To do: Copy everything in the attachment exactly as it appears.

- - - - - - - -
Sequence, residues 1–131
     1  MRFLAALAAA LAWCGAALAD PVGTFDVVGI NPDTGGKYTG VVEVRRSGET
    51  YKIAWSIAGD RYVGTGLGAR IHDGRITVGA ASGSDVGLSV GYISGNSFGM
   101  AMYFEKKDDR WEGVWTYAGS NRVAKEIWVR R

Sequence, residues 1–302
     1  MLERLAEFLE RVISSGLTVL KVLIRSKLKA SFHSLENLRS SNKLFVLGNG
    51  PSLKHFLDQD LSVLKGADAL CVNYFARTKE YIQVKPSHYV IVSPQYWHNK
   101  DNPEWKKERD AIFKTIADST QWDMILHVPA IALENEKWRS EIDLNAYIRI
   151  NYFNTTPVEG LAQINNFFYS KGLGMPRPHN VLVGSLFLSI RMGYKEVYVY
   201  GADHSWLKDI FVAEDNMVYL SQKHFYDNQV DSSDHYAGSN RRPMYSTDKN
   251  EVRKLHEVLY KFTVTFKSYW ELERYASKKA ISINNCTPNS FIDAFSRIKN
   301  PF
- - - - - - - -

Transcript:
Sequence, residues 1–131
     1  MRFLAALAAA LAWCGAALAD PVGTFDVVGI NPDTGGKYTG VVEVRRSGET
    51  YKIAWSIAGD RYVGTGLGAR IHDGRITVGA ASGSDVGLSV GYISGNSFGM
   101  AMYFEKKDDR WEGVWTYAGS NRVAKEIWVR R

Sequence, residues 1–302
     1  MLERLAEFLE RVISSGLTVL KVLIRSKLKA SFHSLENLRS SNKLFVLGNG
    51  PSLKHFLDQD LSVLKGADAL CVNYFARTKE YIQVKPSHYV IVSPQYWHNK
   101  DNPEWKKERD AIFKTIADST QWDMILHVPA IALENEKWRS EIDLNAYIRI
   151  NYFNTTPVEG LAQINNFFYS KGLGMPRPHN VLVGSLFLSI RMGYKEVYVY
   201  GADHSWLKDI FVAEDNMVYL SQKHFYDNQV DSSDHYAGSN RRPMYSTDKN
   251  EVRKLHEVLY KFTVTFKSYW ELERYASKKA ISINNCTPNS FIDAFSRIKN
   301  PF